Four Cheese Scalloped Potatoes

By Mark G. McLaughlin

By Mark G. McLaughlin

Potatoes are among the most versatile of starchy vegetables. One of the richest, creamiest and most mouth-watering way to brighten up your Easter day meal is to serve a side of four-cheese scalloped potatoes. As we like to say, “Keep the State on your Plate!”

(Recipe serves four)

To serve four-cheese scalloped potatoes as a side dish this Easter holiday, plan on about half a pound of potatoes per serving. If the potatoes are the main course, with meat and/or green vegetables as the sides, then double the recipe.


  • 2 pounds of potatoes
  • 2 tablespoons of butter
  • 2 cups of cream (heavy or light)
  • 1/4 to 1/3 cup each of shredded California cheeses- parmesan, mozzarella, asiago and cheddar cheese
  • 1/4 to 1/3 of a clove of garlic (to taste)
  • Fresh ground pepper (and salt)


  1. Peel, wash and thin slice the potatoes
  2. Melt the butter in a skillet – then add the potatoes; salt and pepper and garlic to taste. Cook for about 10 minutes
  3. Take a baking pan, coat it with cooking spray or butter (so the potatoes won't stick)
  4. Preheat the oven to 425°
  5. Combine the four cheeses into a bowl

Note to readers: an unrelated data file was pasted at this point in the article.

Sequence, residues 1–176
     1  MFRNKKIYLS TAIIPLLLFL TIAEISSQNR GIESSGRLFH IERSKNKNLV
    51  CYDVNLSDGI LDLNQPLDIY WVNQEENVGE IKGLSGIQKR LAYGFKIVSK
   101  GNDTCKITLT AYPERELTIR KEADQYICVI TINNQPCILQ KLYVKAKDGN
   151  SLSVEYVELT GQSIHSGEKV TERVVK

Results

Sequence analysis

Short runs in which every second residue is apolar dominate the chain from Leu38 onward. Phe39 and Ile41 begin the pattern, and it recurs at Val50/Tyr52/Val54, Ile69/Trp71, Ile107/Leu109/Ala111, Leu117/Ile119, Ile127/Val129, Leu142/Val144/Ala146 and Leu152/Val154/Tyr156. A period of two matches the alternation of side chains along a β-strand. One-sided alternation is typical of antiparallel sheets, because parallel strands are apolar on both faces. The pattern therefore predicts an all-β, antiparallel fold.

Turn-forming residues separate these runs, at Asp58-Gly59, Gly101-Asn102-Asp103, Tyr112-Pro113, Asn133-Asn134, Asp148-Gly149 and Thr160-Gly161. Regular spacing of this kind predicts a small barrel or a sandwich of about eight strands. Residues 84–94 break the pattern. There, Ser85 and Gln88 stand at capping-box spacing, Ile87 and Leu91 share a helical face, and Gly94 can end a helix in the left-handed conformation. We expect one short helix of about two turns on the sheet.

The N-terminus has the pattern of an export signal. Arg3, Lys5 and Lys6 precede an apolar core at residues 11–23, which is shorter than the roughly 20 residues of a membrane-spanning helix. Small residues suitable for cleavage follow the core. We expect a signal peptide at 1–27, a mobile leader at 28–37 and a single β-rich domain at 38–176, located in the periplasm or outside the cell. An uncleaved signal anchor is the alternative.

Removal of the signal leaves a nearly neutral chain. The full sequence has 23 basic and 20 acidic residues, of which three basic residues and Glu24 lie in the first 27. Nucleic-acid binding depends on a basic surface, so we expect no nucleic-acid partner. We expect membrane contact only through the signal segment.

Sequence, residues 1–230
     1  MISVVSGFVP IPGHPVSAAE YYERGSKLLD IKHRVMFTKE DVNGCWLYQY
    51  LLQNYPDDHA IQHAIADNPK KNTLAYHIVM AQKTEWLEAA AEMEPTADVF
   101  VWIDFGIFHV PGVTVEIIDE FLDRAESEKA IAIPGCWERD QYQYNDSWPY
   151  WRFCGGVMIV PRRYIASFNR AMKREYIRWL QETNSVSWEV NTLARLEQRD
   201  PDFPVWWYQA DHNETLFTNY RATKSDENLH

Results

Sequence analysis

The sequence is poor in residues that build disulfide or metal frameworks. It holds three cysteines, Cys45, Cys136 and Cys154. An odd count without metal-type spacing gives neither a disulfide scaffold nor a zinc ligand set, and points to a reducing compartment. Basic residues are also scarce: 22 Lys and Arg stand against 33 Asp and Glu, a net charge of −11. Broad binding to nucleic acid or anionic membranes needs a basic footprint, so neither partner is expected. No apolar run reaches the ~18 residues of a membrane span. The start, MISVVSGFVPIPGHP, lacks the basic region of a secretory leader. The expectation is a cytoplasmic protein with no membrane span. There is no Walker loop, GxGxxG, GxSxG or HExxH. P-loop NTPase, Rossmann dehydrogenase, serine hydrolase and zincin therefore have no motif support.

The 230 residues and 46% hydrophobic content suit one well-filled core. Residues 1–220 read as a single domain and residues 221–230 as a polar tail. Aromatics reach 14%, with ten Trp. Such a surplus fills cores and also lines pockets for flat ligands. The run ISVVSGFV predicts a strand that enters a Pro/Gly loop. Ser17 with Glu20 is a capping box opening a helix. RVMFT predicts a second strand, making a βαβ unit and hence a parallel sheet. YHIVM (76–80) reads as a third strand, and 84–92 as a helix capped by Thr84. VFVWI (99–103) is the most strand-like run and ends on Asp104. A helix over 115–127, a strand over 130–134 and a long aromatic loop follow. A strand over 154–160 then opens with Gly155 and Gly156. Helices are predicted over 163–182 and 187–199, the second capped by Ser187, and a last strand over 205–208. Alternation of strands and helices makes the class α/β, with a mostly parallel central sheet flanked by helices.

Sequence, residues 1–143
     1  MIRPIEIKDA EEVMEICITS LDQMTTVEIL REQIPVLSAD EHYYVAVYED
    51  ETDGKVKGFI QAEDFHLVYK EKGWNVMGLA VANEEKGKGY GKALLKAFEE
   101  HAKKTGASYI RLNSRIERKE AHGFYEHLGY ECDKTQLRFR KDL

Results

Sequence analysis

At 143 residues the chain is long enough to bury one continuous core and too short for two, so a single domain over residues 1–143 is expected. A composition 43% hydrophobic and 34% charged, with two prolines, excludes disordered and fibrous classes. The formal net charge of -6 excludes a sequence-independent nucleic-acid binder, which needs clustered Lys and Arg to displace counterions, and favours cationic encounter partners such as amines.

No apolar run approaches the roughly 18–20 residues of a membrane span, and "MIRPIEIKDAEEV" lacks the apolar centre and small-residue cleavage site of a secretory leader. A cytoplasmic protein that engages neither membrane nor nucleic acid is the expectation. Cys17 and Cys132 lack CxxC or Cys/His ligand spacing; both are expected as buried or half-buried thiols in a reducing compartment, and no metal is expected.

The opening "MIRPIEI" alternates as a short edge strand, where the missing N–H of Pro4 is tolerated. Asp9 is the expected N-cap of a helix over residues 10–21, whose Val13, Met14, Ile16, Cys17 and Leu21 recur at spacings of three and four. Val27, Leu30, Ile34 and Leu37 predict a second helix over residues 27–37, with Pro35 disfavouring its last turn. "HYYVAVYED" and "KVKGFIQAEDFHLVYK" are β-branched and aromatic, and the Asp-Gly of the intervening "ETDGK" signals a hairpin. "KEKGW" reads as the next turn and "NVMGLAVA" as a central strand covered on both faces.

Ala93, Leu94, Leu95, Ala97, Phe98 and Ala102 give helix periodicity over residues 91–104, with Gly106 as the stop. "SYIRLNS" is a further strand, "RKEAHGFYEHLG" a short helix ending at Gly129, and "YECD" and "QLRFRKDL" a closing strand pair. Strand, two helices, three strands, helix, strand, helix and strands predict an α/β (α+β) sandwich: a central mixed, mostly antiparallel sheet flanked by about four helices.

6. Spoon out a thin layer of the potatoes from the skillet into the baking pan
  7. Sprinkle a generous layer of cheese over the potatoes
  8. Add the rest of the potatoes to make a second layer
  9. Add the rest of the cheese, evenly sprinkled about
  10. Gently pour the cream over the potatoes
  11. Bake for 25 minutes – or until the cheese is thoroughly melted and golden brown
  12. Remove from oven and allow a few minutes for the potatoes to cool (and to “set”)


  • Use a different mix of cheeses (preferably those that melt well, including Monterey Jack, Pepper Jack, or provolone.
  • Instead of sprinkling on the cheese and pouring on the cream, first make a sauce of the cream and cheeses in a sauce pan or double boiler, and then pour half of the mixture in between the layers of potatoes and the rest over the second layer (and maybe even add in a little mustard to taste)
  • Consider topping it with cracker crumbs
  • Sliced sun-dried tomatoes artfully placed before popping it all into the oven will brighten it up
  • Caramelized chopped onions mixed in with the potatoes give it a kick
  • Instead of a baking pan, bake it in a pie crust (one you have made or purchased at the store)

California farmers produce fresh, high-quality fruits, nuts, vegetables, proteins and fibers right in our own backyard. It takes water to grow the food we love and farming and ranching are pivotal to the health and stability of our state. 

Learn more about how food and fiber is grown in California